What is a Hawaiian Luau? - Marina Hawaii Vacations

What is a Hawaiian Luau?

Author 05-22-2023

Everything You Need to Know About Luaus on Hawaii

A visit to Hawaii is incomplete without participating in an authentic Hawaiian lūʻau (AKA luau). In essence, a luau is a feast and celebration that features many traditional Hawaiian dishes as well as lively music and cultural performances. Luaus are typically held to mark special occasions such as a wedding or birth of a child.

Today, there are many places across Oahu and the other Hawaiian islands where you can experience authentic luaus. Read on to find out everything you need to know about these special celebrations as well as the best places for you to attend one.

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History of the Luau

Luau-like gatherings have been a part of Hawaiian culture for many centuries, but the first celebrations that were actually called luaus didn’t occur until the early 19th century. The name of a “luau” came about as a reference to the taro leaves used to wrap foods before they were cooked for the feast.

In 1819, the first modern version of a luau took place when King Kamehameha II invited women to eat at the feast with the rest of the group. Before then, women and men dined separately, and women were prohibited from consuming various specific foods from the feast.

People Sitting at a Hawaiian Picnic Feast

What Foods Are Served at a Luau?

At a luau, guests are greeted with a warm and welcoming atmosphere, typically held outdoors in a scenic location like a beach or a backyard. One of the central features of a luau is the imu, an underground oven used for cooking a whole pig, known as “kalua pig.” The pig is seasoned, wrapped in banana leaves, and placed in the imu to slow-cook for several hours, resulting in tender and flavorful meat.

In addition to the kalua pig, the luau feast typically includes a variety of other dishes, such as poi (a traditional Hawaiian staple made from taro root), lomi lomi salmon (a salad made with salted salmon, tomatoes, and onions), haupia (a coconut milk-based dessert), and a variety of fresh tropical fruits. Other popular dishes may include laulau (meat or fish wrapped in taro or luau leaves and cooked in the imu), chicken long rice, and various seafood dishes.

Hula Dance at Hawaiian Luau

What Happens at a Luau?

Entertainment is a significant part of a luau. It often includes hula dancing, which is a traditional Hawaiian dance form accompanied by live music played on instruments like ukulele, guitar, and drums. The dancers tell stories and legends through their movements, and guests are often invited to participate or learn basic hula steps.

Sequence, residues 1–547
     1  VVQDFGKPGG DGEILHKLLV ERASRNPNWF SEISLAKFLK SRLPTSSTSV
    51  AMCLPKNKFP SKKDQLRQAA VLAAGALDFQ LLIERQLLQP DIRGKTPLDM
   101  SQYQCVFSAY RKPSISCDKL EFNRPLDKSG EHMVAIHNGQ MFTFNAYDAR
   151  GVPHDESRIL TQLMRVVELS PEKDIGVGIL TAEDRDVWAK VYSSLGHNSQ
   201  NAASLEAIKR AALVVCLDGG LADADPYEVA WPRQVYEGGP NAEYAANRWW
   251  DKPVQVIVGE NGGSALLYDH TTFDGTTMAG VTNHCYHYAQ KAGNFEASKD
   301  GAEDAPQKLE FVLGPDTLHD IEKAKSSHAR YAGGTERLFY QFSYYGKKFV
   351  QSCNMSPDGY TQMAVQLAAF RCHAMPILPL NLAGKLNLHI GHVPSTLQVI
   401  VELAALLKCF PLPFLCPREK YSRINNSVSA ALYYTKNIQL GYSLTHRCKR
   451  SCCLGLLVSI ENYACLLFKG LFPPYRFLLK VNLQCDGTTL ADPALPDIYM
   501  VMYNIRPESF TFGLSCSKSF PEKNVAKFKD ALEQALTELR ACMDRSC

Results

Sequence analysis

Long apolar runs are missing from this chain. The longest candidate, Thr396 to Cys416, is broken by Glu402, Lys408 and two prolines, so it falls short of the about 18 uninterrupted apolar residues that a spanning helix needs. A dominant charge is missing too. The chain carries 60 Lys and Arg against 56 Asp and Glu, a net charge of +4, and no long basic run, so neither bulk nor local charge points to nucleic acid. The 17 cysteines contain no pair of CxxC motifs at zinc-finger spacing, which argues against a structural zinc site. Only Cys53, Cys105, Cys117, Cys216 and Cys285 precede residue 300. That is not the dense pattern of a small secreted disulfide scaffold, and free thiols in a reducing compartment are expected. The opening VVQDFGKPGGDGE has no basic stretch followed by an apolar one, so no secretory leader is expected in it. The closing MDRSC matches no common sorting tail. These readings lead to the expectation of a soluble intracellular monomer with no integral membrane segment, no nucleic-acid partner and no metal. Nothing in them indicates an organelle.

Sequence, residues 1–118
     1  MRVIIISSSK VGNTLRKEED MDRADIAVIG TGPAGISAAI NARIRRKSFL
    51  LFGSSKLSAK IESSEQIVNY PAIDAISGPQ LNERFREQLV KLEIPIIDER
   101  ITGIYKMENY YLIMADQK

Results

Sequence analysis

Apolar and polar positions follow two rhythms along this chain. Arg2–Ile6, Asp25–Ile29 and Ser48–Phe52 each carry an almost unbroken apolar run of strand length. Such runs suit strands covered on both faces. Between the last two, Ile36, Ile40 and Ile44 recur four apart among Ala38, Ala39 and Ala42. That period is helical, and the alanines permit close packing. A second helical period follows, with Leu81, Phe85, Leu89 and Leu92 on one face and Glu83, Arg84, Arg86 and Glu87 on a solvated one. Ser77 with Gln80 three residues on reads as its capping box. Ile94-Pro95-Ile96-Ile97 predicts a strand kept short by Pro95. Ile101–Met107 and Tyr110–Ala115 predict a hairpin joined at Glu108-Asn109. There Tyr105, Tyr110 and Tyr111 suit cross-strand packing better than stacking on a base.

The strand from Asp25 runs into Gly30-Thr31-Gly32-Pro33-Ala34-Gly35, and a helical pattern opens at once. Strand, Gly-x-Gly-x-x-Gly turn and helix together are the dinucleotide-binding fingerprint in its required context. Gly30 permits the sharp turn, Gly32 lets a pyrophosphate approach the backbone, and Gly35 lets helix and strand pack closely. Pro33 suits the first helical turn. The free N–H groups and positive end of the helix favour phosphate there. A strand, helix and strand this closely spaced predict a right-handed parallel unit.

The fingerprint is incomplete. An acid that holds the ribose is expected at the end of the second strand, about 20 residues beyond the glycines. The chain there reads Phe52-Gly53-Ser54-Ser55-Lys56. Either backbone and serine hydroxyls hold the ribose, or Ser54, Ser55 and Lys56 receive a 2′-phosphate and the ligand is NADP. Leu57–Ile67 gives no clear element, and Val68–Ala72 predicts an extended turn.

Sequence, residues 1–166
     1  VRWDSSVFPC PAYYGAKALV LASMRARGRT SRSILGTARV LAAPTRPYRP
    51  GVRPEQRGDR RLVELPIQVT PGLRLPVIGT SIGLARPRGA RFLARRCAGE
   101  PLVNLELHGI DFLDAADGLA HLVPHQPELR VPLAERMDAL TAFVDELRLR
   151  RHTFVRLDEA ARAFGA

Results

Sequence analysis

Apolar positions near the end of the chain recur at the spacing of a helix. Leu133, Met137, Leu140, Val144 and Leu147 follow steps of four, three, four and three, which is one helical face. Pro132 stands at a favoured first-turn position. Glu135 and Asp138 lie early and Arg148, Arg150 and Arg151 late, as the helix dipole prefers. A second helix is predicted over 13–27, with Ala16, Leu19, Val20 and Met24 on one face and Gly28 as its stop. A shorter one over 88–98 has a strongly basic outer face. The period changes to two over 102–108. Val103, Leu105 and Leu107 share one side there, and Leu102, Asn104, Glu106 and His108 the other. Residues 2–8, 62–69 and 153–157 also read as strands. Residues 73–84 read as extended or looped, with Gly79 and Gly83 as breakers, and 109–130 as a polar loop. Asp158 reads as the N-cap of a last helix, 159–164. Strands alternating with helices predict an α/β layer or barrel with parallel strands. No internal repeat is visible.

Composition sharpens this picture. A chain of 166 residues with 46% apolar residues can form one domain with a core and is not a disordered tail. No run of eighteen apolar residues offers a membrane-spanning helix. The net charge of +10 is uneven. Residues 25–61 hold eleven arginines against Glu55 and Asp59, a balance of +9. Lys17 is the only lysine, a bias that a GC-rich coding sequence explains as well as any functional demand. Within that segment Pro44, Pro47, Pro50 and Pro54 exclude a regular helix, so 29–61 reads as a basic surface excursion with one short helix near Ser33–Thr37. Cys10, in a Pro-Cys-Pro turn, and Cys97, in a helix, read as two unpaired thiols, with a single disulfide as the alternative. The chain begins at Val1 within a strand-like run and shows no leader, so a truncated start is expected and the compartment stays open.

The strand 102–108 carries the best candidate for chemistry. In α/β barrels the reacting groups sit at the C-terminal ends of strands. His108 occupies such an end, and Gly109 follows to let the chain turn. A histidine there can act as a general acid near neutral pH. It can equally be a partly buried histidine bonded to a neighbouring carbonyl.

Luau attendees may also have the opportunity to try their hand at other cultural activities, such as lei-making (creating floral necklaces), learning to play traditional Hawaiian games, or getting temporary Polynesian-style tattoos.

Fire Dancer at a Hawaiian Luau

Where Can You Experience Luaus on Oahu?

All around Oahu, there are many places where you can find authentic luau experiences with complete Hawaiian feasts, hula dancing, and all the other traditional fare.

One such spot is at the Polynesian Cultural Center on the northeast side of Oahu. The luaus at the here go beyond the typical feast and entertainment, offering a comprehensive exploration of Polynesian traditions and customs. Guests can indulge in a delicious all-you-can-eat buffet, featuring an array of authentic dishes from various Polynesian islands.

A little closer to Marina Hawaii’s home near Honolulu, you can also find fun luaus at Paradise Cove Luau on Oahu’s eastern shore. Paradise Cove offers a gorgeous beachfront setting and a traditional luau experience you won’t forget. Here you can enjoy a Hawaiian feast, participate in cultural activities like lei-making and hula lessons, and watch a Polynesian revue featuring music, hula, and fire knife dancing. All the perfect elements for a wonderful Hawaiian celebration during your vacation.

Local Luau Tip

Plan ahead and leave well in advance of your luau’s start time so that you can beat the traffic. Depending on the day and time, there can be heavy traffic when trying to get out of Honolulu. Drive time from Waikiki to Paradise Cove can vary from as little as 40 minutes around noon to nearly two hours in the late afternoon or evening. The best option is to plan your day so that you’re close-by to your luau destination well before heavy traffic starts up.


Overall, a luau is a festive and vibrant celebration that showcases the rich culture, music, dance, and cuisine of Hawaii. They allow you to immerse yourself in the spirit of the Hawaiian islands’ rich culture, providing a one-of-a-kind experience that will stick in your mind for years to come.

Check out our other blog posts to learn more about Hawaiian culture and things to do on Oahu. When you’re ready to book your dream island vacation, browse our Waikiki vacation rentals and reserve your stay today!